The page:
Personal Injury Claims: 3 Types Of Evidence To Prove The Effect Of Injuries On Work

In the unfortunate circumstance that you have been injured in an accident, you might be entitled to compensation if you missed work due to the accident or if the injuries you sustained have a negative impact or effect on your ability to work. Filing a personal injury claim is the best course of action to take. Approximately 95% to 96% of claims are settled pre-trial. With sufficient evidence, your personal injury attorney can build a strong case on your behalf to negotiate with the responsible party. Here are 3 types of evidence you'll need to collect to prove the effect that the injuries have had on your ability to work.

Printed Work Schedule with Documented Proof of Absence or Time Missed

One of the first things you have to prove is that you took time off work as a result of the accident or the injuries sustained. Proving that you were going to go to work and were expecting to earn a certain income or to clock a certain number of hours will show that the accident caused you to lose out on your wages. A printed schedule from your company that clearly shows the days and times that you were supposed to go to work will be strong evidence that you could have otherwise used the hours spent in recovery to earn some income.

If you took time off work, you'll need to document that. For example, you might want to submit proof that you took time off of work due to the accident via an email that you might have sent to your supervisor. A written testimony from your company can also prove that you requested time off of work to deal with the injuries you sustained from the accident.

Medical Reports of Effect of Accident on Ability to Work

You'll want to gather all medical reports submitted by medical examiners to prove that the injuries you've sustained are severe enough to force you to take time off work. The medical reports should also clearly state how the injuries have affected your ability to work. For example, if you broke your wrist, you might not be able to work because you are a copywriter. You might not be able to go into work because the pain from the injuries limits your mobility.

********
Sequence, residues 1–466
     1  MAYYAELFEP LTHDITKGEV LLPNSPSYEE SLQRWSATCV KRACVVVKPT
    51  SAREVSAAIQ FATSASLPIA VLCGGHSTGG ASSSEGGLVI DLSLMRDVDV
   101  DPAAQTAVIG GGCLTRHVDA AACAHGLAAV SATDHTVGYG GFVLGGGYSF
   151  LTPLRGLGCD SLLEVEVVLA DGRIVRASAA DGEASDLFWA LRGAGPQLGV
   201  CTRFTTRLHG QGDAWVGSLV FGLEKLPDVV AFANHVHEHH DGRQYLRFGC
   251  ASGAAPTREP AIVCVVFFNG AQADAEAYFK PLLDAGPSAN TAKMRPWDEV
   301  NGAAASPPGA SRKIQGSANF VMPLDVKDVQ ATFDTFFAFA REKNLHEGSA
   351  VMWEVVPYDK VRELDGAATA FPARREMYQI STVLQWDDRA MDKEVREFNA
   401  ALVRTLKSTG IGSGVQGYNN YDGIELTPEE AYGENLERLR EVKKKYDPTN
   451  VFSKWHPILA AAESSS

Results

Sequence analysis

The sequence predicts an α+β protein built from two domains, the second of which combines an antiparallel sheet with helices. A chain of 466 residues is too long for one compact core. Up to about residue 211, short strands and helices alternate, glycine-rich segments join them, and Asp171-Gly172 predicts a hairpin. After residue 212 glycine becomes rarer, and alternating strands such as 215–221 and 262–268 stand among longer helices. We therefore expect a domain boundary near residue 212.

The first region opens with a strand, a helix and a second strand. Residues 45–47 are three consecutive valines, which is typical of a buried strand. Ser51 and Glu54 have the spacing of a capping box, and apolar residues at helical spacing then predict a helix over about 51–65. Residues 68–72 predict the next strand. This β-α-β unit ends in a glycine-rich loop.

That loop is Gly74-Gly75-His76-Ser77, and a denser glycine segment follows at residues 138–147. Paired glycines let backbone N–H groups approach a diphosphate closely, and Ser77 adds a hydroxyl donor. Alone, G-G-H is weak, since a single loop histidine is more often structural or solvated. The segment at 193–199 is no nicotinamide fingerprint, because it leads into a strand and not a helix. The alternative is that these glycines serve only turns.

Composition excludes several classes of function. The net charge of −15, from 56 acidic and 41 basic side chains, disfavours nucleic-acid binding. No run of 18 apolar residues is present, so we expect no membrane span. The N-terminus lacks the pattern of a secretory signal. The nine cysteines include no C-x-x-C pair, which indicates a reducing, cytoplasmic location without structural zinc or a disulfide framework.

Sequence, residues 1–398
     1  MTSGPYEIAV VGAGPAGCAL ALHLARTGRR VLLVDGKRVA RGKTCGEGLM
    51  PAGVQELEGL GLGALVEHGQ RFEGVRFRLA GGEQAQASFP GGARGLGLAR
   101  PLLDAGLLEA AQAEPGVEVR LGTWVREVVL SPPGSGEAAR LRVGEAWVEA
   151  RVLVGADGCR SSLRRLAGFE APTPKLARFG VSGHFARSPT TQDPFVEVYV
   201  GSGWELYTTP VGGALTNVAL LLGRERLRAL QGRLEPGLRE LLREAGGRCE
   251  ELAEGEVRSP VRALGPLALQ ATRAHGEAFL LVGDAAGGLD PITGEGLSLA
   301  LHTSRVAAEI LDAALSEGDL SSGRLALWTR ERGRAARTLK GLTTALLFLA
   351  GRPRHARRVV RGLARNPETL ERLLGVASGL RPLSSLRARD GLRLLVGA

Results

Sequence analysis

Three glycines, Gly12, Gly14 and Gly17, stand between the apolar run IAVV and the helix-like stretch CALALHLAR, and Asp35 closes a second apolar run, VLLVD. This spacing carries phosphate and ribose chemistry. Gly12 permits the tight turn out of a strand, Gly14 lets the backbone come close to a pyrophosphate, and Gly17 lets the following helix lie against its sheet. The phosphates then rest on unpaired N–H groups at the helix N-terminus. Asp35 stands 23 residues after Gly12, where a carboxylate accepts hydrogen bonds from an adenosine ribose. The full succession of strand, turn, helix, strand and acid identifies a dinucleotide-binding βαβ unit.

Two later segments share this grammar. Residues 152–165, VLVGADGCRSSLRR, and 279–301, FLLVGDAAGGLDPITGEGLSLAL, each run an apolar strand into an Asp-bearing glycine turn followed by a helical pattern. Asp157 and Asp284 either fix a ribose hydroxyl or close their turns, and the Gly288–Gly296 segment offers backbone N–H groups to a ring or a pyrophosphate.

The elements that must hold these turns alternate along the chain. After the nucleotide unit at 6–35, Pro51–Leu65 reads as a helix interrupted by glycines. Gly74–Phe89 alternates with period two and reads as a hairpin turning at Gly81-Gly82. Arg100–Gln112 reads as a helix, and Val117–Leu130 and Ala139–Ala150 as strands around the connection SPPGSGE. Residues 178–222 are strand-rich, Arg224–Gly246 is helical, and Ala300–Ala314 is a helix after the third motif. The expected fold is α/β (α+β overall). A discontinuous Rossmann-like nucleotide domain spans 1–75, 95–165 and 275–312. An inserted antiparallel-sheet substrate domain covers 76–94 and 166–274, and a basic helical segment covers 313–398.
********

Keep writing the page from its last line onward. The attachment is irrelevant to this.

If you have already reached your maximum limit for recovery, you should also gather evidence to prove so. This is especially important if the injuries you've sustained have led to some sort of a temporary or permanent disability that will prevent your ability to work in the future.

Testimony from Supervisor Documenting Performance

Being able to track how the injuries you've sustained have affected your ability to work can also prove to be beneficial in court. No one knows more about how the injuries have affected your work performance than your supervisor. At times, a co-worker's testimony may be just as credible. Because of this reason, you'll want your supervisor to provide a written testimony documenting your performance before and after the accident.

The testimony should include what your work performance was prior to the accident and how your actual performance might have been impacted due to either your inability to physically move or any mental trauma or stress that you may struggle with. Your injuries may affect your mood and your character or behavior. If you've suffered from a concussion, you might not be able to respond as quickly or work through problems with as much ease as before.


Knowing how an accident has impacted your work performance can really help a personal injury attorney determine the amount of compensation that you are entitled to. Collecting and gathering the evidence that is needed will make your attorney's job a lot easier. It will also give your case the support it needs to make larger and bolder requests towards the responsible party.